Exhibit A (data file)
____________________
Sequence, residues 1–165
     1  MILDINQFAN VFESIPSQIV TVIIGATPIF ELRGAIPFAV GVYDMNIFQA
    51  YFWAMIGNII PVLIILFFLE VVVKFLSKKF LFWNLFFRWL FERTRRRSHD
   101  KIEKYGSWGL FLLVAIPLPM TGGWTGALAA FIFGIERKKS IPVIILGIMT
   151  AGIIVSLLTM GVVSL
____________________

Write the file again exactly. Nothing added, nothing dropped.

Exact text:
Sequence, residues 1–165
     1  MILDINQFAN VFESIPSQIV TVIIGATPIF ELRGAIPFAV GVYDMNIFQA
    51  YFWAMIGNII PVLIILFFLE VVVKFLSKKF LFWNLFFRWL FERTRRRSHD
   101  KIEKYGSWGL FLLVAIPLPM TGGWTGALAA FIFGIERKKS IPVIILGIMT
   151  AGIIVSLLTM GVVSL